At least on ballot, choice is clear
I, along with three out of the five Canadian Wheat Board director candidates, wish to thank the Co-operator for your even-handed manner of providing equal space to all the candidates (Co-operator, Nov. 13, pages 21 to 25).
While these three candidates advocate a particular policy they name as “choice,” I note few fellow media advocates of this particular type of choice come anywhere close to living up to the standard they preach.
It is interesting that Barry Reimer still advocates a dual market, when even Prime Minister Stephen Harper’s own government study found that was impossible. So when Reimer concludes his bio with “If you elect me, I will not change my position on that issue,” he reminds me of bison, who once in full motion, will even follow their leader over a cliff.
Rolf Penner keeps speaking of all the money he keeps losing because of the CWB’s single desk. Any good operator knows that should the CWB price be
below prevailing market conditions, that operator, through a buyback, can cash in on the difference. With his claim on the CWB election website that the CWB averages $61 below the spot price, why is he leaving that much money on the table, unless, of course, his talk is not bankable?
Curtis Sims equally talks about marketing freedom and through the buyback he can exercise all the freedom he wants, even if he wants to sell below the CWB asking price. However, if he does so, only he and not all others bear the cost of such mindless adherence to his peculiar brand of freedom – a freedom he makes no public comment about that I have seen regarding the wide basis U. S. farmers pay on wheat and soybeans or that Canadians pay on canola and these other “cash” crops.
St. Francois Xavier, Man.
No appetite for sensational science
I love a good smoke screen, and we certainly got one in the
response by Don Flaten and Karin Wittenburg to an Oped piece by Laura Rance in the Nov. 6 issue.
Rance criticized the irresponsible sensationalism of a press release from Flaten and Wittenburg’s own organization – the National Centre for Livestock and the Environment (NCLE). Flaten’s and
Wittenburg’s response in the Nov. 13 issue did not confront Rance’s criticism, but instead provided us with a testimonial for the excellence of the staff and research work of the NCLE.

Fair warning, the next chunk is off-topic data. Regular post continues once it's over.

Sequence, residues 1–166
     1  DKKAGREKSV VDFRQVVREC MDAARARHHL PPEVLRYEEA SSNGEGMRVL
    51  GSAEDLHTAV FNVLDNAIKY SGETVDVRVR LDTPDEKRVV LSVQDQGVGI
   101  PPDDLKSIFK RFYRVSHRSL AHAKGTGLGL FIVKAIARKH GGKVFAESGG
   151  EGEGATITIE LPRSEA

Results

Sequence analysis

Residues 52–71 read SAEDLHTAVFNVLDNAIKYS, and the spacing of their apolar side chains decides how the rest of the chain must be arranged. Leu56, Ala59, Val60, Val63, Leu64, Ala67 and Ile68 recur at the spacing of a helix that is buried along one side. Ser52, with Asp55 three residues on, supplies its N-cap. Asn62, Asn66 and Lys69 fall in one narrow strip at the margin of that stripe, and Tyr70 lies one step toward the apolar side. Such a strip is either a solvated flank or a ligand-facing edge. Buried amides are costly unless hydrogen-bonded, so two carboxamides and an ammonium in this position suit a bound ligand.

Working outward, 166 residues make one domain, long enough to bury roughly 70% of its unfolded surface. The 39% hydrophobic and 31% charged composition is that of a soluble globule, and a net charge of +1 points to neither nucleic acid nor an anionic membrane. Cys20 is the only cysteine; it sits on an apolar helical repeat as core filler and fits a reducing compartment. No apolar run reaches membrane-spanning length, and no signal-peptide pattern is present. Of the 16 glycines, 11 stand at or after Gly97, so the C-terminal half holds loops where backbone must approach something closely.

I am sure that the NCLE is everything Flaten and Wittenburg claim it to be, but honest and excellent research should not be communicated using techniques that would make a used manure spreader salesman blush.
Candidate’s numbers misleading
I’m finding District 10 Canadian Wheat Board candidate Barry Reimer’s math a bit mysterious. Reimer makes the claim that “if the CWB is as successful at extracting premiums as it says it is, then our prices should be as good as, if not better than, what the U. S. market pays its farmers on a daily basis.”
Reimer should know that “our prices” are annual pooled prices and therefore cannot be compared honestly to a “daily” spot price. He needs to compare CWB pooled prices to weighted average annual prices received by U. S. farmers. Had he done this, Reimer would have discovered that CWB pooled prices for red Spring wheat in the 2007-08 crop year are approximately $1.05 per bushel higher than the weighted average price received by U. S. farmers.
For winter wheat, the comparison shows that Canadian farmers received a premium of approximately $1.29 per bushel over U. S. farmers.
He states that the 2008-09 pool return outlook (PRO) for winter wheat as of Oct. 3 is $4.40 per bushel. The most recent PRO for winter wheat (Sept.) is $6.30 per bushel, backed off to a Manitoba delivery point. He states that the 2008-09 PRO for Red Spring
wheat is $5.88 per bushel as of Oct. 3. The correct number is approximately $7.42 per bushel. He shows a PRO of $4.80 per bushel for malting barley when it should read approximately $5.56 per bushel.
He then compares his incorrect numbers to what I presume are U. S. spot prices. Of course, this is an impossible comparison. But it’s even more misleading because the 2008-09 PRO numbers he’s using are incorrect.
Sadly, this is typical of the misinformation being circulated by candidates claiming that a strong voluntary wheat board can coexist with a dual market. This is why it is so important that farmers vote for Bill Toews in the current CWB director election. Bill’s numbers can be taken to the bank.
Wilfred (Butch) Harder
Lowe Farm, Man.
Please forward letters to Manitoba Co-operator, 1666 Dublin Ave., Winnipeg, R3H 0H1 or Fax: 204-954-1422 or e-mail: [email protected](subject: To the editor)